New Parafaveoloolithid dino egg found from the Pingxiang Basin, Jiangxi Province of China
Dinosaur egg clutches, single eggs, and countless eggshell fragments have been found in the the Upper Cretaceous of the Pingxiang Basin, Jiangxi Province of China since 2002. In an article published in the latest issue of Vertebrata PalAsiatica 51(2), Dr. WANG Xiaolin, Institute of Vertebrate Paleontology and Paleoanthropology (IVPP), Chinese Academy of Sciences, and his team described a new oospecies: Parafaveoloolithus pingxiangensis oosp. nov. This study helps better understanding the composition of the Pingxiang dinosaur eggs oofauna and provides new data to study the eggshell formation and evolution of the dinosaur eggs in the Cretaceous Period.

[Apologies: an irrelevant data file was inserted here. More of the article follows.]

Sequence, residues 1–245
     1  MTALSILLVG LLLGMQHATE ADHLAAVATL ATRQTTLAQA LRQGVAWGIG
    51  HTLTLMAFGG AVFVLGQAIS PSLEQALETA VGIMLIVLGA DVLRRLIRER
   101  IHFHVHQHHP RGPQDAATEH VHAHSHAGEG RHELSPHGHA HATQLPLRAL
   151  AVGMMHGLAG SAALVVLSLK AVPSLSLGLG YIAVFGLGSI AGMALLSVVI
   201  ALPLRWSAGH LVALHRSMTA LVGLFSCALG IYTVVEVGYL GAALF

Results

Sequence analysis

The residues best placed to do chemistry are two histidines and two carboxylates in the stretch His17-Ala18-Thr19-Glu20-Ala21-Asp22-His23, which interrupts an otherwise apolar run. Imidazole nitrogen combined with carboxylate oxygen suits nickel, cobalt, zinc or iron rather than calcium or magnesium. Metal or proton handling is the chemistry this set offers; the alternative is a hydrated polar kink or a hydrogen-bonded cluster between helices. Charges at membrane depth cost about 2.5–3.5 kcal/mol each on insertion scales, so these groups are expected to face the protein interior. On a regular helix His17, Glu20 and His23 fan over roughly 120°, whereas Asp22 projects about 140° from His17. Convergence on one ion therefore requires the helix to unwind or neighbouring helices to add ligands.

Parafaveoloolithus pingxiangensis is oblate in shape, and its outer surface is smooth. Its eggshell is usually composed of three or five superimposed slender shell units. In some portions, 6−10 shell units are assembled in the middle and upper part of the eggshell. Pores are straight and unbranching, extremely numerous, and closely spaced, looking as a whole like a honeycomb in tangential section through the middle part of the eggshell.
"Compared to the members of faveoloolithids, the new specimens should be assigned to the oogenus Parafaveoloolithus on the basis of some shell units tending to assemble in the middle and upper part of the eggshell", said study coauthor Dr. WANG Qiang of the IVPP, "However, the difference is remarkable between the new specimen and the known oospecies, Parafaveoloolithus microporus, P. macroporus, P. tiansicunensis and P. guoqingsiensis, of which the eggshell usually has two or three shell units tending to assemble in the middle part of the eggshell. Therefore, the specimens described here represent a new oospecies".